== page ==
Frances Richardson describes her sculptural works as “walk-in drawings”. The intent is that the viewer, does not stand apart regarding an object, or enter into an installation, but becomes part of an imaginary field within actual space. In this field tables, chairs, I-beams, floorboards, carpets, beds etc. are “drawn” using MDF/plywood in 3 dimensions. Paired down to structural forms they effect through their physical presence, denying the seduction of surface histories.

With coloured thread, Kate Terry creates sculptures and installations that combine low-grade construction with the sophistication of minimalist form. Working with patience and geometrical precision, she uses ordinary threads, pinning them meticulously and then guiding them as they twist and turn in diaphanous, web-like veils. Terry’s practice forms a dialogue between the colloquial world of craft and the formal language of Minimalism. The result is at once ethereal and powerful, manipulating both creative forms and their distinct visual vocabularies to create a renewed respect for both.

Amie Turnbull's work references mythology and fable filtered via contemporary culture. Working within the tradition of abstract painting Turnbull's work is characterised by a highoctane colour palette. The playful use of materiality and the pure joy of creation is especially evident within her work. Using multiple sources, and influenced by the handmade, a hybrid image is created; becoming somewhat like a cartographic documentation of the various strains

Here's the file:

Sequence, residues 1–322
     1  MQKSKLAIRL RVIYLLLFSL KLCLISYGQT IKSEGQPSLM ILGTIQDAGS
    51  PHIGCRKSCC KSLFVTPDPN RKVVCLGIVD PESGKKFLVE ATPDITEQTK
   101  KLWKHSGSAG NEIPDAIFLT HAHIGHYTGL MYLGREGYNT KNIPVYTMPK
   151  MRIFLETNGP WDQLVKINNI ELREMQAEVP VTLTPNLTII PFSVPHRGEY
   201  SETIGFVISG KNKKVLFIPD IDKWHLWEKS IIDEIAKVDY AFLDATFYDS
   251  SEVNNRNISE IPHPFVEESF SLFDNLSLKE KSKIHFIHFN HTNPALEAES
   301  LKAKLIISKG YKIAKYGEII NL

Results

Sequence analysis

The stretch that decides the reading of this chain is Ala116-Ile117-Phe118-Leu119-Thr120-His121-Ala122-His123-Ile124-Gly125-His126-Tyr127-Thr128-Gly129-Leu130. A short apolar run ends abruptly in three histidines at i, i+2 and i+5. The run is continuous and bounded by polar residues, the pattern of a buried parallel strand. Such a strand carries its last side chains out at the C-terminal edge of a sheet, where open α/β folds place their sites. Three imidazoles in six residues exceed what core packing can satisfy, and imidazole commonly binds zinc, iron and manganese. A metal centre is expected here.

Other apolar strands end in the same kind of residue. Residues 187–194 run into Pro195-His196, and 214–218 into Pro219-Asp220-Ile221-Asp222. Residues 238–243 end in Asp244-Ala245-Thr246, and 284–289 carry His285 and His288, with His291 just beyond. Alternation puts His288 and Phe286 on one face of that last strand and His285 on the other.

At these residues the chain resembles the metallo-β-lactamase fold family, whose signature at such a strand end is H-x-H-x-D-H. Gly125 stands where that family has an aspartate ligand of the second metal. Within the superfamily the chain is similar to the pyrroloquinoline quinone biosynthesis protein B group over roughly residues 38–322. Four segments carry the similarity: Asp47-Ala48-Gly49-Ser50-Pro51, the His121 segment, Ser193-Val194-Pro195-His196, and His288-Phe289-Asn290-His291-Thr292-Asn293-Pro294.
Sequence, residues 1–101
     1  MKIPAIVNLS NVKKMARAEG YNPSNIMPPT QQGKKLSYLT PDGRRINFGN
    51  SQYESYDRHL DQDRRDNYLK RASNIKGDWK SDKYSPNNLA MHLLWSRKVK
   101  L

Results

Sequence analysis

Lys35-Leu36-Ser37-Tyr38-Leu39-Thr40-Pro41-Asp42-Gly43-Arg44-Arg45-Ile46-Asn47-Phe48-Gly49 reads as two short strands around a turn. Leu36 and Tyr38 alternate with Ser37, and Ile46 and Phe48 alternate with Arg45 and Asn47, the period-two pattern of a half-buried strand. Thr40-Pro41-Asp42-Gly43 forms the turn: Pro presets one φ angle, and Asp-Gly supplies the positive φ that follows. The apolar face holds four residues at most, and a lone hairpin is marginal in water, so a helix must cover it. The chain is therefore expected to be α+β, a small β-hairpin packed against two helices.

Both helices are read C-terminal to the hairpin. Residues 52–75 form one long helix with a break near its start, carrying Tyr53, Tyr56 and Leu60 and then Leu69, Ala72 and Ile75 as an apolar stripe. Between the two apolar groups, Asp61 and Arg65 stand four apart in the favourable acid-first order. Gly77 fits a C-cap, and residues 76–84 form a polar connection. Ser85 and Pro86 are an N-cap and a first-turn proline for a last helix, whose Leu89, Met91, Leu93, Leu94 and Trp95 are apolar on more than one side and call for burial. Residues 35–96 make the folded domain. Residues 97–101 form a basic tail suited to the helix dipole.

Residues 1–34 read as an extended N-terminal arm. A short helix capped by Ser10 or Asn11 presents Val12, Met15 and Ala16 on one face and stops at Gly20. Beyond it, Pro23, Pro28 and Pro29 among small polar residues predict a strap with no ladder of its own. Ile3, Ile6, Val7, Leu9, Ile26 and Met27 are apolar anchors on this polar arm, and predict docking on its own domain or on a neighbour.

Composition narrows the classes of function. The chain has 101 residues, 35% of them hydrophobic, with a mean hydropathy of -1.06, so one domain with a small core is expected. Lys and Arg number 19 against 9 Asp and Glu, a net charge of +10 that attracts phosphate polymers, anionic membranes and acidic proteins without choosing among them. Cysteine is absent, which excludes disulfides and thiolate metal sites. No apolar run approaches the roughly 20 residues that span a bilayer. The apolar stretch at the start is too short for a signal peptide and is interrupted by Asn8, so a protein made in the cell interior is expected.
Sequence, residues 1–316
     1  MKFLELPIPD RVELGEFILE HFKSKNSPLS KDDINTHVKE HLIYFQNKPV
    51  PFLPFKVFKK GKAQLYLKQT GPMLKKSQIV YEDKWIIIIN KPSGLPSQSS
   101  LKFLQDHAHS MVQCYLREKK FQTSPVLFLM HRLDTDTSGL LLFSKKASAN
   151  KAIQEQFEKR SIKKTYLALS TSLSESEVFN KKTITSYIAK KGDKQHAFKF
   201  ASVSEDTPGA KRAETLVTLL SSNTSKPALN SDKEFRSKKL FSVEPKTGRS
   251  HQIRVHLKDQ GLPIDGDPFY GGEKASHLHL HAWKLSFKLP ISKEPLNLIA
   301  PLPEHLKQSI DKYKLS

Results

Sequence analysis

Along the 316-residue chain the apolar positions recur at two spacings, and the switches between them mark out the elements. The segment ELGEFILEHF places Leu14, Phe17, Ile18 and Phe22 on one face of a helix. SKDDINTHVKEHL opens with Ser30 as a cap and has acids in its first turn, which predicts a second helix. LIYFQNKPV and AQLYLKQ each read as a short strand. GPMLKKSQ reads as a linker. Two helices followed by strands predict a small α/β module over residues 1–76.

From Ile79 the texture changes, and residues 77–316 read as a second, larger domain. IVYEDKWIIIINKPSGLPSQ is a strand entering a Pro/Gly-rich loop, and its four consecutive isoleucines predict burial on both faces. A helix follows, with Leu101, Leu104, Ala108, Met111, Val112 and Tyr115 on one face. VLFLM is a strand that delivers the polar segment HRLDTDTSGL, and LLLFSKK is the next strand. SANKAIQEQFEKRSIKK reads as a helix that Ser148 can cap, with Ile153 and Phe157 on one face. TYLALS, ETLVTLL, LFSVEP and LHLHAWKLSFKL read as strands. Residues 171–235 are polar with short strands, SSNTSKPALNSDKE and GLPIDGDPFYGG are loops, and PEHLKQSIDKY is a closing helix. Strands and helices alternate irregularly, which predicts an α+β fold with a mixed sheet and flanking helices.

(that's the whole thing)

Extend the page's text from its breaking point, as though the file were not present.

of ideas and imagination.

In conjuction with the Suffragette City exhibition we are running a small series of free events, details are listed below:
Thursday 3rd July, 7.30pm
Book reading and talk with writer Kia Abdullah

Dawn's Cafe, 219-221 Bow Road, E3 2SJ
Thursday 10th July, 8.30pm
Free screening of video works curated by Sheena Macrae, also barbecue and cold drinks!
219-221 Bow Road, E3 2SJ

Thursday 24th July, 7.30pm
Artist talks with Hannah Brown and Elizabeth Reidy
Dawn's Cafe, 219-221 Bow Road, E3 2SJ
For further information please contact:

07789 725 447

 Wednesday July 2 2008, page 32

In praise of ... Suffragette City


There are still a handful of women, aged at least 104, who were once barred from taking part in a UK general election because of their gender. After Edwardian struggles, women had finally won the vote in 1918 - but not all of them. To ensure men remained the majority, the female qualifying age was set at 30, rather than 21. That patriarchal rigging was put right only with a further change enacted 80 years ago today, a moment when nearly 2 million of today's grandmothers and great-aunts had already been born. To celebrate how far women have come in the decades since, a little gem of an exhibition featuring six female artists opens in a disused factory off Bow Road in London tonight. Yards from Sylvia Pankhurst's suffragette shop and close to the scene of the match girls' strike, the show is in the heart of Suffragette City, and that is its title. But the exhibits are not narrowly political: the great strength of the collection is its diversity. Sure, feminism may play a part in Tsering Frykman-Glen's use of chintzy crockery to celebrate the old-lady aesthetic. But that is only one of several themes in her quirky yet poignant installation. The mad mythical worlds of Amie Turnbull's psychedelia are in utter contrast to the English landscape tradition, to which co-exhibitor Hannah Brown provides a sculptural twist. Kate Terry's installation weaves great veils of string across outsize frames, with an effect that is at once disorientating and dreamy. The way women use art is just as varied as the way they use their votes.